FaceApp is enjoying another viral moment fueled by celebrity selfies, while sparking dire warnings from security and privacy experts. Now politicians in Congress are calling for an investigation and the DNC ordered Democratic staffers to delete the app from their phones.
Is FaceApp being singled out unfairly? After all, most mobile are about as ethical as Stephen Colbert’s mythical PonyPoints app. Let’s look at five FaceApp media myths:
TRUE: Photos you process with FaceApp are stored in a public cloud and FaceApp legally owns them.
HOWEVER: By default, most photos you take with your phone are stored in a cloud, if nothing else than for backup purposes. SnapChat stores photos on its servers.
FALSE: This stems from a misunderstanding about how Apple iOS works. On an iPhone, FaceApp appears to access your entire Photo Library, but in truth it only gets photos you explicitly choose.
TRUE: FaceApp’s Terms are unusually broad. They claim “perpetual, irrevocable, nonexclusive, royalty-free, worldwide, fully-paid, transferable sub-licensable license to use, reproduce, modify, adapt, publish, translate, create derivative works from, distribute, publicly perform and display your User Content."
HOWEVER: The fine print on many mobile apps gives them unfettered access to private data. Facebook, for example, asserts the right to "use your name and profile picture and information about actions you have taken on Facebook” for any purpose (e.g., targeted ads).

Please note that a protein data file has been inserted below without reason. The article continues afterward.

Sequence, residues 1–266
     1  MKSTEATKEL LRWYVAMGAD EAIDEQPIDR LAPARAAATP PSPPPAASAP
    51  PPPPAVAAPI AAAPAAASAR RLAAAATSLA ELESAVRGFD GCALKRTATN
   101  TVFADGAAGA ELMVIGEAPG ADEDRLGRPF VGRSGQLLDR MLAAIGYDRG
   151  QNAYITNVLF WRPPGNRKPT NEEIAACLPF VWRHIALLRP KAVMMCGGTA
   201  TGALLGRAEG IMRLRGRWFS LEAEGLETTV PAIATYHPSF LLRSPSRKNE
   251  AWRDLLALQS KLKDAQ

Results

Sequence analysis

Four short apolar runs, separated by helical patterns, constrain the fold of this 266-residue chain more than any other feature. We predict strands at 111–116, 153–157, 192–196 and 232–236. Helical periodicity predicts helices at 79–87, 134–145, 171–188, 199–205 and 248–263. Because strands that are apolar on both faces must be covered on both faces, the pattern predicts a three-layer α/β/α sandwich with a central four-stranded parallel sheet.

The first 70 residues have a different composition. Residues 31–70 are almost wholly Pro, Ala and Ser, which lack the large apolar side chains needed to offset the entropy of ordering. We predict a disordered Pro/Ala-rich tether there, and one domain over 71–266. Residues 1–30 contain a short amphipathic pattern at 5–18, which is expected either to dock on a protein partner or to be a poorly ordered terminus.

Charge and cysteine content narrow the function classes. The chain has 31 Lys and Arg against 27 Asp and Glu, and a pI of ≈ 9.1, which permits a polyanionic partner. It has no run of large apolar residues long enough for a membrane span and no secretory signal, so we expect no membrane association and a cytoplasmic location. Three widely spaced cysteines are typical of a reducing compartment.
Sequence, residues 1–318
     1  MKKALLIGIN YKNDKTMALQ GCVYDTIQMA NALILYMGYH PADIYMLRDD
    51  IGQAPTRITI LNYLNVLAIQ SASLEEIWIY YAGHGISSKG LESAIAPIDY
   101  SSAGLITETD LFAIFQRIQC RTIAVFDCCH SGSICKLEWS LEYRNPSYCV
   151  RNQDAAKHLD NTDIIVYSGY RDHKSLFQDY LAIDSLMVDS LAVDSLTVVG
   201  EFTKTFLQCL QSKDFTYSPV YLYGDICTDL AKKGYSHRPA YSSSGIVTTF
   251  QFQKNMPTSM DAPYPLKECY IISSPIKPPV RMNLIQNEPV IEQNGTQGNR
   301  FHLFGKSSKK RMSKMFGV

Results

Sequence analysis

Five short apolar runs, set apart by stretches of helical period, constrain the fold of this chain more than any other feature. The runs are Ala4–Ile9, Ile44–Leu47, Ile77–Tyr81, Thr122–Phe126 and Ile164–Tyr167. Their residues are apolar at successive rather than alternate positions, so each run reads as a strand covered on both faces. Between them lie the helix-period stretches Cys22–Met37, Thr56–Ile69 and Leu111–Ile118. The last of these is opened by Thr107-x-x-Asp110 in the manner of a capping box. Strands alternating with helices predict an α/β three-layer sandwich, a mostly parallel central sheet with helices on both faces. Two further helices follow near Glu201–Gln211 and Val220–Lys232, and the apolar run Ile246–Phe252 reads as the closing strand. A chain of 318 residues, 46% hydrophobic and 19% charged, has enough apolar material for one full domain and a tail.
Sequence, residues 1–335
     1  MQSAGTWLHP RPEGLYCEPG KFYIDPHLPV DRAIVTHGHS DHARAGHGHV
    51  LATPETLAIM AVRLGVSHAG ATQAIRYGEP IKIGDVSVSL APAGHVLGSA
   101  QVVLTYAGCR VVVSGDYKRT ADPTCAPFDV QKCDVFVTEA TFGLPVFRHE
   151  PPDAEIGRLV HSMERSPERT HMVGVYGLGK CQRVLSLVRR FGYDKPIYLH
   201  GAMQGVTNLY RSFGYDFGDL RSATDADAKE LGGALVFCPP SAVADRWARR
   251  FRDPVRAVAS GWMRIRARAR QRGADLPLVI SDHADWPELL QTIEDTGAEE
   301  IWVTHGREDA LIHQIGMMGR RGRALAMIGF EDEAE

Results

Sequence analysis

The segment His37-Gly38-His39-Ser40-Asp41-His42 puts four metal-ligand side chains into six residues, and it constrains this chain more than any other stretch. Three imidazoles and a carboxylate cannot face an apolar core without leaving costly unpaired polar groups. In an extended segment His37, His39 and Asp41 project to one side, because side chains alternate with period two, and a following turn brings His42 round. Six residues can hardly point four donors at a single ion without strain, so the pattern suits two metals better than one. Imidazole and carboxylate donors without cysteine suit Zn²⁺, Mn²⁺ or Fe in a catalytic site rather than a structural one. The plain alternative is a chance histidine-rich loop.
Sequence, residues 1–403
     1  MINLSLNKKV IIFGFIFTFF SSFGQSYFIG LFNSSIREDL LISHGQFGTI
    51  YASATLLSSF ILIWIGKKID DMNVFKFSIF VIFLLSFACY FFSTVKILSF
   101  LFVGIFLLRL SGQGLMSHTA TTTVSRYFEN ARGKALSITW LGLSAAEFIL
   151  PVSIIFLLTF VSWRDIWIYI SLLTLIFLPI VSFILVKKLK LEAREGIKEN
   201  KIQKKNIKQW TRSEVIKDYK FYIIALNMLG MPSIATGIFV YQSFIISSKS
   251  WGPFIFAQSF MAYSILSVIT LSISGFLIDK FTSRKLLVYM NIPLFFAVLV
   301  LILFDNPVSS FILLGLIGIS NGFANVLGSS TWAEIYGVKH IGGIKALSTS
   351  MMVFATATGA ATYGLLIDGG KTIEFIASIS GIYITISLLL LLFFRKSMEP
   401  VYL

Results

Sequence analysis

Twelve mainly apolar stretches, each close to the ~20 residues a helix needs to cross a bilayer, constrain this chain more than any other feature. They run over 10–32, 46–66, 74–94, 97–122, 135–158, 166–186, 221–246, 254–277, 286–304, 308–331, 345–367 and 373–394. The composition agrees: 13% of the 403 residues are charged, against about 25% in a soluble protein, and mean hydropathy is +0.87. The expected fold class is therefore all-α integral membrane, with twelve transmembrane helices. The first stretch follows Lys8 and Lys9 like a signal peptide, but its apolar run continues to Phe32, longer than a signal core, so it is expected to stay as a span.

FALSE: As discussed above, FaceApp doesn’t gain full Photo Library access (although it may appear to on iPhones). The current version doesn’t ask for user location data either.
HOWEVER: FaceApp does access a lot of stuff, including the phone’s camera, files, and network connection. Data is stored insecurely in an unencrypted database.
UNCLEAR. It’s true that FaceApp is based in Saint Petersburg, Russia, which is also home to the infamous Internet Research Agency. The app goes to some lengths to hide this fact (using a Russian subdomain of a US domain, through a Dutch ISP) which may be a red flag. Or not.
So is FaceApp spyware? Or a Trojan Horse?
Spyware pulls personal data from a device and transfers it elsewhere for purposes the end user may not fully understand or authorize. FaceApp does access your camera and take ownership of uploaded photos, but in many respects it’s less invasive than other popular mobile apps that not only grab photos but also locations. I'm looking at you, InstaGram.
Trojans perform hidden actions without the user’s awareness or approval, masked by behaviors or functionality that was expected and authorized. FaceApp may do things behind the scenes that users wouldn’t want, or may do so in the future, but so does every social media app. For example, tagging photos on Facebook helps them train their facial recognition AI. Did you really sign up for that?
The fear, uncertainty, and doubt (FUD) surrounding FaceApp seems to have more to do with its Russian connection than whether it’s a Spyware Trojan. People who happily give their life history to a well-known company in Silicon Valley are reticent to give it to an unknown company in St. Petersburg.
Let’s treat this as a teachable moment. Remind people worried about FaceApp they should take a hard look at the other apps on their phones, too.
(I’m indebted to fellow security researchers who have studied and tested FaceApp, including Eli Schlomo who shared his findings publicly.)
Michael McCormick is an information security consultant, researcher, and founder of Taproot Security.